- Some will argue that the heritability of fertility is low. I know the estimates are low, but I contend that those estimates were derived from animals that were usually on a very good plane of nutrition. I think, when you remove the crutches by expecting both cows and heifers to get by on what nature provides with minimal supplementation, the heritability increases.
I actually think it is quite high when we aren’t feeding animals for the express purpose of getting them pregnant. In most herds, high pregnancy rates are expensive. Good, naturally fertile cows will get pregnant without all the help—and at a lot lower cost.
If you take away the “crutches” quickly, you will have a high fall-out rate at first. If you reduce fed feed more slowly, the fall-out rate can be spread out and perhaps reduced a little over time. You should ask the question, “If some can do it, why can’t they all?” The good ones can. Let nature help you find the good ones.
- Only a few calves born as a result of second cycle conception will sell for as much money as those born as a result of first cycle conception. Other genetic considerations for the cows in a herd are of far less economic consequence than early calving. Select for early calving and early breeding in your desired calving season.
With bulls there are two major considerations: 1) Make very sure they don’t undo what you are trying to do with your cow and heifer culling. 2) Try to slowly correct genetic deficiencies in your cow herd—marbling, growth rate, health and hardiness, disposition, longevity, etc. I suggest making corrections slowly to make sure you don’t go too far and undo good herd fertility.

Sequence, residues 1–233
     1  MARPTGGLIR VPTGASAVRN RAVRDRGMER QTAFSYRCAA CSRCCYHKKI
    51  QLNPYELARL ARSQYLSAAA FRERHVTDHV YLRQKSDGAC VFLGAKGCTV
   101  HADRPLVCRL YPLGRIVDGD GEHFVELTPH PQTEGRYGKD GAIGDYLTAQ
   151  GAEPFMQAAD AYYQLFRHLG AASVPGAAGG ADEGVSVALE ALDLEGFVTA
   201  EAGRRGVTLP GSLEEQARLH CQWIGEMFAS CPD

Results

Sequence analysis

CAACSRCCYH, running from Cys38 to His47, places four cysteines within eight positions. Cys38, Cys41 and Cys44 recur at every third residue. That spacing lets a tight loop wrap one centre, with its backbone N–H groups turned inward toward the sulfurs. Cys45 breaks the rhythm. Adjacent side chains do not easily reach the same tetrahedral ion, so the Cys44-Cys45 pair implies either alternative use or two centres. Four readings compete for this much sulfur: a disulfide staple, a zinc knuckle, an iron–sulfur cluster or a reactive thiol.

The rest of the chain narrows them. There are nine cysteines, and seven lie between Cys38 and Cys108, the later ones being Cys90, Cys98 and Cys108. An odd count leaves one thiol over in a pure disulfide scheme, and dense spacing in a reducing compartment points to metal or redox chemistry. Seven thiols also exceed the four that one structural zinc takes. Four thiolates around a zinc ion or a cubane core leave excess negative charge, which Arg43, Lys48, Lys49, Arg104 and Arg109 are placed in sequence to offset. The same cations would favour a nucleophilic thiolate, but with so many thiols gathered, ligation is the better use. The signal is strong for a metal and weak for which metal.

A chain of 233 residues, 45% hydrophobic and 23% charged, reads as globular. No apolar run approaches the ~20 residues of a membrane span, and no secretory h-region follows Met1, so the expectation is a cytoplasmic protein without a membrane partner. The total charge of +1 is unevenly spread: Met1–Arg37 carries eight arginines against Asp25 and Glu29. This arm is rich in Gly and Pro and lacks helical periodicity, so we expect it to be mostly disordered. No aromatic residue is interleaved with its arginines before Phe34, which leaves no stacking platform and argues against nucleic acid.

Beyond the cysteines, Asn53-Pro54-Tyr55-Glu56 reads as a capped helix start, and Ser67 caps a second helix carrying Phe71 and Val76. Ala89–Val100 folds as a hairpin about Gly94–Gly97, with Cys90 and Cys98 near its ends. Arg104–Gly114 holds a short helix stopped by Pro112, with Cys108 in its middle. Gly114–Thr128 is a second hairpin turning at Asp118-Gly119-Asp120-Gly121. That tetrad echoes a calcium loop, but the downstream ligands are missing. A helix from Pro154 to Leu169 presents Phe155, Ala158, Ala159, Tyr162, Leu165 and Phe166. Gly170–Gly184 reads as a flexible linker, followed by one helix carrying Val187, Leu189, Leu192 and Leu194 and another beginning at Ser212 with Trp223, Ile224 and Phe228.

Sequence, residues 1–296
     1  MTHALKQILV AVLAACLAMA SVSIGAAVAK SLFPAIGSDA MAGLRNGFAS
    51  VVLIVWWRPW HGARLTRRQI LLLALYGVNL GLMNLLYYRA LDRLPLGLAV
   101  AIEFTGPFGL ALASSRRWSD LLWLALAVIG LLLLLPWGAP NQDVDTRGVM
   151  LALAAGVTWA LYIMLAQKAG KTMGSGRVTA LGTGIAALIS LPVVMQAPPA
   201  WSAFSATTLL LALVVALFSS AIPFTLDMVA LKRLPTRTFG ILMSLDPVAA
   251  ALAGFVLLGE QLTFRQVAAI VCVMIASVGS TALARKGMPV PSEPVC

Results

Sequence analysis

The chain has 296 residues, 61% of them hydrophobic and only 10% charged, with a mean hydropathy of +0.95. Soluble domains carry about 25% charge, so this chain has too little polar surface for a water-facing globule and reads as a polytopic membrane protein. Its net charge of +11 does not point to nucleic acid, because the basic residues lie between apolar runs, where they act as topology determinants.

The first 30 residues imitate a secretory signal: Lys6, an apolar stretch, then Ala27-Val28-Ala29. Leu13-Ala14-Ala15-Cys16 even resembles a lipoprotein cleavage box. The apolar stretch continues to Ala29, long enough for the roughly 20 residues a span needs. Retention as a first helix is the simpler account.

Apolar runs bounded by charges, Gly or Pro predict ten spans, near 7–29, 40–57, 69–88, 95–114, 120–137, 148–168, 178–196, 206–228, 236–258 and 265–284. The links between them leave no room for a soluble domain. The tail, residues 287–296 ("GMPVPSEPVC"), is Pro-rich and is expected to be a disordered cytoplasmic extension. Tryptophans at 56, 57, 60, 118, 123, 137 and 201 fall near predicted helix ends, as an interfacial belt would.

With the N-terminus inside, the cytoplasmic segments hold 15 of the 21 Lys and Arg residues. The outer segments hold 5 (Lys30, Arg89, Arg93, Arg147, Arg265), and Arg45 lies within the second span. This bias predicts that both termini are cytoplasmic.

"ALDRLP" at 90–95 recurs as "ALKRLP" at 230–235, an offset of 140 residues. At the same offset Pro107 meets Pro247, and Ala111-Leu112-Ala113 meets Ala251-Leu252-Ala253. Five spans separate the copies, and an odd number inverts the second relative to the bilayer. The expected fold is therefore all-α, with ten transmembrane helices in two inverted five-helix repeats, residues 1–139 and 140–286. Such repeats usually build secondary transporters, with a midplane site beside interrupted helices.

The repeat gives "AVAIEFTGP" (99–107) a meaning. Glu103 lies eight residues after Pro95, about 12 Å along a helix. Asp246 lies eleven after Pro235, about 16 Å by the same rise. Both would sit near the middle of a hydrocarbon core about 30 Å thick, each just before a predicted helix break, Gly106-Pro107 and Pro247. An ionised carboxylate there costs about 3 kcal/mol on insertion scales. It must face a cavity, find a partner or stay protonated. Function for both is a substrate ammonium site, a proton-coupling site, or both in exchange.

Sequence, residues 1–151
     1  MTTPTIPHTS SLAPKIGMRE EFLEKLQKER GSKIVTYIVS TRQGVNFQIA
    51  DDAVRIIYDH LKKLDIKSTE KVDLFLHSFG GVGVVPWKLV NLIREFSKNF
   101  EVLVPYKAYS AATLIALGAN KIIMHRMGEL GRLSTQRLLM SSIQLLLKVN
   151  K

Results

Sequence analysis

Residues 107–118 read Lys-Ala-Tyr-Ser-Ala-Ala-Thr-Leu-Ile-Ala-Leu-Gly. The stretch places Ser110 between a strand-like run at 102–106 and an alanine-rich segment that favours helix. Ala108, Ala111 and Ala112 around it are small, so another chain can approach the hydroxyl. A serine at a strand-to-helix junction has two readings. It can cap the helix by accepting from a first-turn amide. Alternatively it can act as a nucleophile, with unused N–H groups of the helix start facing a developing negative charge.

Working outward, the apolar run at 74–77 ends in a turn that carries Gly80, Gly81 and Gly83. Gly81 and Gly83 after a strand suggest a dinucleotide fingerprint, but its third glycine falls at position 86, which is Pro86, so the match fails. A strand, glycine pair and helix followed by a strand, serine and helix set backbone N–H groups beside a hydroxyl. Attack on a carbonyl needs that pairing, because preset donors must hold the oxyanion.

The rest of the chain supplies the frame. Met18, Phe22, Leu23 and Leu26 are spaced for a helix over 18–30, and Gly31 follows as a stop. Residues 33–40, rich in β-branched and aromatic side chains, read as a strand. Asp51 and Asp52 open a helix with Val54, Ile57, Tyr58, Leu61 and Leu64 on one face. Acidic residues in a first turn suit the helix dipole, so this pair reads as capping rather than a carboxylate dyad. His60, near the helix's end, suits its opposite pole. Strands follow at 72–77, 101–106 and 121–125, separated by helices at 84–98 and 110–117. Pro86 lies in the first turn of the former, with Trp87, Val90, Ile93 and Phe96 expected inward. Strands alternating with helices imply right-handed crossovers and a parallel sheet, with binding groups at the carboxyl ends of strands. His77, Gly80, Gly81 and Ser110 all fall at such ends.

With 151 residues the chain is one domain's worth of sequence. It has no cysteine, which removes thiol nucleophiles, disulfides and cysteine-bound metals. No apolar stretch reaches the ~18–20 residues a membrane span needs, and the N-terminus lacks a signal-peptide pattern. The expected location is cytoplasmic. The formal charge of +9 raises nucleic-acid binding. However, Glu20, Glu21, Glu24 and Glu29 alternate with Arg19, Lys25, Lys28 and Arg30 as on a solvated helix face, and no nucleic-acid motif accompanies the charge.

- This leads me to say that, economically, you would far rather “cull” or sell a yearling heifer than a two-year-old. If there is a year in the life of a heifer or cow that you might spend a little extra money to ensure a little better conception, it would be from the time a yearling is diagnosed pregnant until she is again diagnosed pregnant as a two-year-old. A little extra help at the right time in that year can help a few more of them get pregnant that will thereafter get pregnant right along with the mature cows.
- All this is much more easily accomplished with good grazing management and by calving in sync with nature.Breeding in early to mid-spring to calve in early to mid-winter doesn’t really work very well for low-cost heifer development.
- I know some people who develop their heifers somewhat like I have described that weigh their cows each year at preg-check time. It is surprising to me how light these cows are as 2’s and 3’s. They seem to reach their mature weight at 4 or 5 years. I’m guessing that mature weight is less than it would have been if the cow had been pampered most of its life.
- If you are keeping and developing your own replacement heifers, “time value of money” tells you to keep those that are economically best right now—the ones that get pregnant and calve early and are naturally healthy. Use good bull selection to slowly improve other deficiencies.
Teichert, a consultant on strategic planning for ranches, retired in 2010 as vice president and general manager of AgReserves, Inc. He resides in Orem, Utah. Contact him at firstname.lastname@example.org.